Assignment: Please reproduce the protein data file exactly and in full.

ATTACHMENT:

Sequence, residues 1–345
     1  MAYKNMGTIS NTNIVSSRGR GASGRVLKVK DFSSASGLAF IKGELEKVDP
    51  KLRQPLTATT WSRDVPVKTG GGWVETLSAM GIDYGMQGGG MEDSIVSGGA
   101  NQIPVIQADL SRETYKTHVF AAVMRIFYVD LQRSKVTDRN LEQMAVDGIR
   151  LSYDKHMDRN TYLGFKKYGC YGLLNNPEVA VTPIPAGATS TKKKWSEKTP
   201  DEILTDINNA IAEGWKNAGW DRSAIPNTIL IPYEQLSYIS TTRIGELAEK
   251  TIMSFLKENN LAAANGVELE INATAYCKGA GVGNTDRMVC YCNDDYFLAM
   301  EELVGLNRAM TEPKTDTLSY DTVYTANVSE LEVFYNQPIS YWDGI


Sequence, residues 1–345
     1  MAYKNMGTIS NTNIVSSRGR GASGRVLKVK DFSSASGLAF IKGELEKVDP
    51  KLRQPLTATT WSRDVPVKTG GGWVETLSAM GIDYGMQGGG MEDSIVSGGA
   101  NQIPVIQADL SRETYKTHVF AAVMRIFYVD LQRSKVTDRN LEQMAVDGIR
   151  LSYDKHMDRN TYLGFKKYGC YGLLNNPEVA VTPIPAGATS TKKKWSEKTP
   201  DEILTDINNA IAEGWKNAGW DRSAIPNTIL IPYEQLSYIS TTRIGELAEK
   251  TIMSFLKENN LAAANGVELE INATAYCKGA GVGNTDRMVC YCNDDYFLAM
   301  EELVGLNRAM TEPKTDTLSY DTVYTANVSE LEVFYNQPIS YWDGI